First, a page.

Lindsey Graham withdraws support for climate bill, take three
With startling consistency, Sen. Lindsey Graham (R-S.C.) withdrew his support for the climate bill that will bear his name for a third time this weekend, and then reportedly, for a third time, reconsidered.
In mid-December Graham announced he would join Senators John Kerry and Joe Lieberman in crafting a tri-partisan energy bill that would begin to shift the United States away from fossil fuels. He seemed to withdraw that support before the month was over, saying the way the Democrats passed health-care reform in the House had “made it very hard for Republicans to sit down at the table with these guys.”
Graham soon clarified, promising he would continue to work on the bill. But then in March, when the Democrats advanced health-care reform in the Senate, Graham said on ABC’s This Week: “If they do this, it is going to poison the well for anything else they would like to achieve this year or thereafter.”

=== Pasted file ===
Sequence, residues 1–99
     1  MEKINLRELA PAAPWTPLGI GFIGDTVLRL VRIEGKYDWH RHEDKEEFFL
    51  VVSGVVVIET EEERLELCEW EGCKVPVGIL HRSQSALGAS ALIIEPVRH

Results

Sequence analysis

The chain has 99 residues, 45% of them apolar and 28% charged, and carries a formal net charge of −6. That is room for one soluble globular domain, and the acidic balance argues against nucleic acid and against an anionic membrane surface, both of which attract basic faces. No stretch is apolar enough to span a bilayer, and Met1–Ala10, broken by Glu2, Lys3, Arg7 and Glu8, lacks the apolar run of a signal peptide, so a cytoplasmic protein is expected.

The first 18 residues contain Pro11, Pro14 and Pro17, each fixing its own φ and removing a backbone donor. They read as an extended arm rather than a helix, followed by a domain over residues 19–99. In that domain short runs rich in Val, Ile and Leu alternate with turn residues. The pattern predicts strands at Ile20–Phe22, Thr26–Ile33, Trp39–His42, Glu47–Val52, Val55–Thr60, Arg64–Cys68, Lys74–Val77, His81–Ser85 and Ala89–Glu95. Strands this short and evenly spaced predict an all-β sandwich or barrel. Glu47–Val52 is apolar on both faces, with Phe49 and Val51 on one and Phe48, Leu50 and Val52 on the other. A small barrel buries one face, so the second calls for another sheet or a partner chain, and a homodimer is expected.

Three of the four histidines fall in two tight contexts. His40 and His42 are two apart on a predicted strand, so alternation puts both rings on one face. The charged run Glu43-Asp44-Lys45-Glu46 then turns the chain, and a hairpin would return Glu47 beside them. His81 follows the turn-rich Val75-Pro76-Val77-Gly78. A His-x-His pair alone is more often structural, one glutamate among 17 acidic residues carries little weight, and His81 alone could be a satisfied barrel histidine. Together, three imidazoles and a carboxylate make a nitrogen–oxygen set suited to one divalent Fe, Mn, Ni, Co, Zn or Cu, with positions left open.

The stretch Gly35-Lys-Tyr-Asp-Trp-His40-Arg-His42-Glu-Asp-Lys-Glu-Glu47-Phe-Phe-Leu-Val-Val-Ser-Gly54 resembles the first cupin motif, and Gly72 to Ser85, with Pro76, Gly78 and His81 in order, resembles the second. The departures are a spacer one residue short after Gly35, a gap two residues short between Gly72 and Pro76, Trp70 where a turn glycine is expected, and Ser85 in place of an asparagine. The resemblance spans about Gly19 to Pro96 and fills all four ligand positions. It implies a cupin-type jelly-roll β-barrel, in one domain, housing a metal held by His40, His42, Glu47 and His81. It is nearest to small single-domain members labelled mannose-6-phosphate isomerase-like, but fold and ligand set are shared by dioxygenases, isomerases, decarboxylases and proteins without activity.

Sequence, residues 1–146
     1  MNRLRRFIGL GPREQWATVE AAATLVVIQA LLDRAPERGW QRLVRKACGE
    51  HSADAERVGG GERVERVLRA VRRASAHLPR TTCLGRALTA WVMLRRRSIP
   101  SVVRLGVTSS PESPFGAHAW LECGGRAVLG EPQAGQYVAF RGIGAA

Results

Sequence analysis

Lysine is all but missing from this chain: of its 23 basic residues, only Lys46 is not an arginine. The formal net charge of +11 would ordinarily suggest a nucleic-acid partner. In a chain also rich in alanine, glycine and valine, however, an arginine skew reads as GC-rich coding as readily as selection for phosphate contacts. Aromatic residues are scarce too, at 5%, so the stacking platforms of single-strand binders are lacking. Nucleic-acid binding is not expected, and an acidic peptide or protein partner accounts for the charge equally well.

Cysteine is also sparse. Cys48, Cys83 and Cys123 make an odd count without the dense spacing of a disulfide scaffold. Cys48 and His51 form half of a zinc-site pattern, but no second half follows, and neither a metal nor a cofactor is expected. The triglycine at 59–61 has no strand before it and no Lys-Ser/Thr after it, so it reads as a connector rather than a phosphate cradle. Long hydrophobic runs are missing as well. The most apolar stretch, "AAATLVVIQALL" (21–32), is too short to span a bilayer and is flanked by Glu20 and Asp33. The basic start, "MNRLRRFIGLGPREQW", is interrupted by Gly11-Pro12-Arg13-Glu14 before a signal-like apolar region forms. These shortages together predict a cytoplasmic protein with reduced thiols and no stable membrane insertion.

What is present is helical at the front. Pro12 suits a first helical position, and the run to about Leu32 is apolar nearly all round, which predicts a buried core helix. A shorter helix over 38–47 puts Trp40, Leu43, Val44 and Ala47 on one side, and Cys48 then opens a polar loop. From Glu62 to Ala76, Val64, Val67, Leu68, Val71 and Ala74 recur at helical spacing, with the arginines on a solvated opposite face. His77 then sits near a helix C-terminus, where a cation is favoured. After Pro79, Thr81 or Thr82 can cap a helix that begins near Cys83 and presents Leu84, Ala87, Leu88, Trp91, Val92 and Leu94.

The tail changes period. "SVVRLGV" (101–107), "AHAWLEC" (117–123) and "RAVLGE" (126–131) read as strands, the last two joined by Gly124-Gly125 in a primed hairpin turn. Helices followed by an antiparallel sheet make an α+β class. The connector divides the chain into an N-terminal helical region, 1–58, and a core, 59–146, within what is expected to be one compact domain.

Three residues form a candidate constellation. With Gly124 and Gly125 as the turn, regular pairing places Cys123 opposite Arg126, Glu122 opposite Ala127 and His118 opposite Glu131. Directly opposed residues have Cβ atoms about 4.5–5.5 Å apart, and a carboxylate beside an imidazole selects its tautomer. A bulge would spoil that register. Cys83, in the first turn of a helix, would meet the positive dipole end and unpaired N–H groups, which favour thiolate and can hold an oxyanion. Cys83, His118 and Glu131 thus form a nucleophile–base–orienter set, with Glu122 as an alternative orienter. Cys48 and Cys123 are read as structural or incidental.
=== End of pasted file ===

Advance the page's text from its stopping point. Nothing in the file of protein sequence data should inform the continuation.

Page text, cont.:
A week later, Graham recanted, promising the well was not so poisoned that he wouldn’t continue to work with Kerry and Lieberman on the energy bill.
With the energy bill expected to be announced Monday, Graham withdrew support for a third time on Saturday, now because of immigration reform, which Graham characterized as a cynical political ploy by Democrats to win Latino votes in the upcoming election. Kerry and Lieberman canceled the press conference they had scheduled on Monday.
But only a day later Lieberman was expressing confidence that Graham would withdraw his threat yet again:
Lieberman said Reid pledged to bring the energy bill to the full Senate as soon as possible this year. In a separate conversation, according to Lieberman, Graham reiterated his support for the energy bill once it’s no longer tangled up with immigration legislation.
“Now I’m encouraged,” Lieberman said. Asked when the energy bill might advance, he said, “Sometime soon, as soon as we can get Lindsey on board.”
The Energy Bill is expected to be loaded with concessions to coal, oil, and agriculture to make it more palatable to Republicans and conservative Democrats. Even if Graham were the sole Republican vote, his support would give the Democrats the 60 votes necessary to prevent a filibuster.